Not wishing anything to do with this military battle, the Flying Tiger took off, but Iron Man caught up to him and punched him out (using his armor's power but removing the armored glove before hitting him).

(Fantastic Four I#335) - Affected by Dr. Doom's Aggression Enhancer. the Flying Tiger showed up as the Fantastic Four testified before Congress regarding the mandatory registration of superhumans. Triggered by the Enhancer, the Tiger interrupted the proceedings and announced his intent to take down the Fantastic Four, only to be dropped by a single swat from Ms. Marvel. The Tiger and all involved were taken away by authorities, though most had no memory of their recent actions.

(Avengers Spotlight#29/2) - The Flying Tiger was one of a group of super-villains being admitted to the Vault following the Acts of Vengeance.

(Marvel Year In Review '92) - The Flying Tiger was present at the Springdale, Connecticut Bar with No Name. He spoke to Dr. H. M. Virgil (super-villain psycho-therapist) and commented on how hard it was to be taken seriously as a super-villain these days, and that many of the newer characters didn't have any staying power.

(Captain America I#411) - Present at AIM's Boca Caliente Weapons Expo, the Flying Tiger approached Jack O'Lantern (actually the Falcon, who was impersonating Steve Levins), asking who he was, since he'd heard Macendale had become the Hobgoblin. "Jack O'Lantern" blew him off, saying, "Nope. Not Macendale, Tiger Lily. Somebody a lot better." Annoyed, the Tiger instructed him to call him Flying Tiger or they would see how much better he was.

(Captain America I#411-413) - The Flying Tiger was in the crowd as Crossbones (actually Captain America, impersonating Crossbones) battled a number of opponents to fulfill a previous agreement. When "Crossbones" was exposed as Captain America, the entire crowd attacked him, though he ultimately escaped.

(Thunderbolts I#3 (fb) - BTS) - The Flying Tiger joined the Crimson Cowl (Justine Hammer)'s Masters of Evil, along with Cyclone, Klaw, Man-Killer, Tiger Shark

(Thunderbolts I#3) - As part of the Crimson Cowl (Justine Hammer)'s Masters of Evil, the Tiger battled the Black Widow. When the Thunderbolts (Atlas, Citizen V (Zemo), Mach-1, Meteorite (Moonstone), Songbird, Techno) showed up to join the fight, the Cowl projected a blinding flash and teleported her teammates away.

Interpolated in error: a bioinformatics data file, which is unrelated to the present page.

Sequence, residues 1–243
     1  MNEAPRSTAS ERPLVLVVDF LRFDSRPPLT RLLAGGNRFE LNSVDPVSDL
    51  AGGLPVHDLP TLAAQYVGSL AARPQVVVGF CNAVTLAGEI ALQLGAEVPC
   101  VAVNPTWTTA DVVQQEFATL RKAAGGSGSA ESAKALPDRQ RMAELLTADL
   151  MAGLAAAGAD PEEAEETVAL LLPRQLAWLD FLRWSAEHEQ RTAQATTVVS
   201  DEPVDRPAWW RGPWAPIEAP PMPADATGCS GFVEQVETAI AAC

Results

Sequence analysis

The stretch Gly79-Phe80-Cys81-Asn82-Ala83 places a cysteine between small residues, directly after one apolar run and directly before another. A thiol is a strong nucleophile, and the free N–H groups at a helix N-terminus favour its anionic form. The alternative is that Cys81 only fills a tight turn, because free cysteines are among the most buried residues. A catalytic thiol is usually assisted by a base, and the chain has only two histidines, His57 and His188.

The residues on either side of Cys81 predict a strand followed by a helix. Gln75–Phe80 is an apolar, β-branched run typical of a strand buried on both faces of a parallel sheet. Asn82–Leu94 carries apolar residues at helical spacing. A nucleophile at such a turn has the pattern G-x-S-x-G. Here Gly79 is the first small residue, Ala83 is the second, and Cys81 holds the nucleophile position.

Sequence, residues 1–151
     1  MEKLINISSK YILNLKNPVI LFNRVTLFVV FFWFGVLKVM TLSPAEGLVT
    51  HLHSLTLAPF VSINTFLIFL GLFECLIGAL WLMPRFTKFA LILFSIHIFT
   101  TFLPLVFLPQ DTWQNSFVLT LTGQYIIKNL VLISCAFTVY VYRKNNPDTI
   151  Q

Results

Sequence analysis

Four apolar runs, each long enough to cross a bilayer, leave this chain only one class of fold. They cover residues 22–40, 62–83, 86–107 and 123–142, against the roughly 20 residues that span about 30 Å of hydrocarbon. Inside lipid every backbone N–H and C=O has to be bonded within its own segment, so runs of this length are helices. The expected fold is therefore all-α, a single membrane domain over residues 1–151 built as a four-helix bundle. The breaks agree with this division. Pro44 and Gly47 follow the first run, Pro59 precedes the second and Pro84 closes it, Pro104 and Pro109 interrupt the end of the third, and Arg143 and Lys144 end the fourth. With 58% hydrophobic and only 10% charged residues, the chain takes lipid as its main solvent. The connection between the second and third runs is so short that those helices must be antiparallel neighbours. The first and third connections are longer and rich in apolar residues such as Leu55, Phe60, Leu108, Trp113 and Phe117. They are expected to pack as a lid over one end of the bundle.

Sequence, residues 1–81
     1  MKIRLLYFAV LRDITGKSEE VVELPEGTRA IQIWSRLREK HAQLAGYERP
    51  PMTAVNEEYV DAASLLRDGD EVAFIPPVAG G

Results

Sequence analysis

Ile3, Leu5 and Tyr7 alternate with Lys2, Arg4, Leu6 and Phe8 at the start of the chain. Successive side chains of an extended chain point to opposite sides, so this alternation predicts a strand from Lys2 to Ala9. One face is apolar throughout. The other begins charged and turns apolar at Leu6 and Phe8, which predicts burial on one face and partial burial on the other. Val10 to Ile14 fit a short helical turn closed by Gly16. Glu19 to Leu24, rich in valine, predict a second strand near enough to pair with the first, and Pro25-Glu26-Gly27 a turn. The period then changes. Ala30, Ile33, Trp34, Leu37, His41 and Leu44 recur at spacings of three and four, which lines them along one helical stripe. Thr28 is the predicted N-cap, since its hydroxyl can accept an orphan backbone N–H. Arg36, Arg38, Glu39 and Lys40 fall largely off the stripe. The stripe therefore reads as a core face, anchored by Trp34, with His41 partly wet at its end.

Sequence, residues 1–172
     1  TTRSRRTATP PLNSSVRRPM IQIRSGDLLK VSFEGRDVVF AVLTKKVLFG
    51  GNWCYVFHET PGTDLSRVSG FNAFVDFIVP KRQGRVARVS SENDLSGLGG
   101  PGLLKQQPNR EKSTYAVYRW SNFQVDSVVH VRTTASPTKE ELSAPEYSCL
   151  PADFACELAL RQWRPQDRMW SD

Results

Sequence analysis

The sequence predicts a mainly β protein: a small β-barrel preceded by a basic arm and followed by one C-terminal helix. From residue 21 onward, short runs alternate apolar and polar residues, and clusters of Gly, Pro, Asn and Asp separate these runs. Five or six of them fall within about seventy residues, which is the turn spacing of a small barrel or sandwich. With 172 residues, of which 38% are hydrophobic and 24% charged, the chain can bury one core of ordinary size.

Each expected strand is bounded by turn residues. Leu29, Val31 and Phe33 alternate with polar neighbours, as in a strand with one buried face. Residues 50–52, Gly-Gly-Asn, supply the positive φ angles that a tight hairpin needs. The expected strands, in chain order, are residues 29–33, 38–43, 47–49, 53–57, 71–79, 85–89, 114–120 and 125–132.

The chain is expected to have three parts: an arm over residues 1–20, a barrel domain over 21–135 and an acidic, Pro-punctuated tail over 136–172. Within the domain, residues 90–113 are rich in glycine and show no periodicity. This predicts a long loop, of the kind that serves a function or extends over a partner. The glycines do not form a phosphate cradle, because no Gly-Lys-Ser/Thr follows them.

The Thunderbolts later tracked the Masters to an estate in the Cloisters where they were providing security for a meeting of the Arms Merchant with members of the New York underworld (presumably Don Fortunato; see comments). The Tiger engaged Mach-1, but Techno eventually converted the meetings weapons stash into his own arsenal, at which point the Cowl teleported them all away again in a blinding flash.

(Thunderbolts I#18) - Jolt tracked Masters member Cyclone to a base near the Colorado Rockies, and the Thunderbolts (Atlas, Mach-1, Moonstone, Songbird) followed he lead to confront the Masters, but were instead ambushed by them. Jolt engaged the Tiger who took one of her punches and then flattened her with one of his own. The Masters defeated the Thunderbolts, after which the Cowl made them an offer: join her Masters, or she would tell their enemies where they were located. The Thunderbolts departed to consider the offer.

(Thunderbolts I#19) - As the Thunderbolts fought to save Burton Canyon from Charcoal and the Imperial Forces, the Tiger and the rest of the Masters showed up and attacked them, telling them that while they considered the offer they did not have the luxury of trying to earn the public's support.

(Thunderbolts I#20) - Correctly figuring the Masters' next heist, the mint in Fort Worth, Texas, the Thunderbolts ambushed them there. The Tiger again engaged Mach-1, making hints of possibly being one of the World War II's
Flying Tigers, claiming to have seen and done things that Mach-1 couldn't even imagine. Klaw finally overpowered the Thunderbolts, but then Hawkeye, posing as the Dreadknight, then arrived, and armed forces showed up soon after. Klaw facilitated the Masters' escape.

(Thunderbolts I#24 (fb) - BTS) - The Cowl recruited 19 additional members for her Masters of Evil

(Thunderbolts I#25 (fb) - BTS) - The Tiger and the rest of the Masters helped the Cowl set up her plan to blackmail the world's governments for a trillion dollars via controlling the weather.

(Thunderbolts I#24) - The Tiger and the other five original members of the Cowl's Masters assaulted the town of Robinette, Colorado, to draw the Thunderbolts' attention. The Thunderbolts arrived (now including Charcoal and Hawkeye, but minus Mach-1), and the Tiger challenged Moonstone, telling her to stop thinking so much and let out her killer instinct. Hawkeye nailed the Tiger with an arrow, which glanced off his armor, but left a tracking device in place, after which the Cowl transported the Masters away,  removing the tracking device from the Tiger and leaving the Thunderbolts with a powerful thunderstorm to deal with.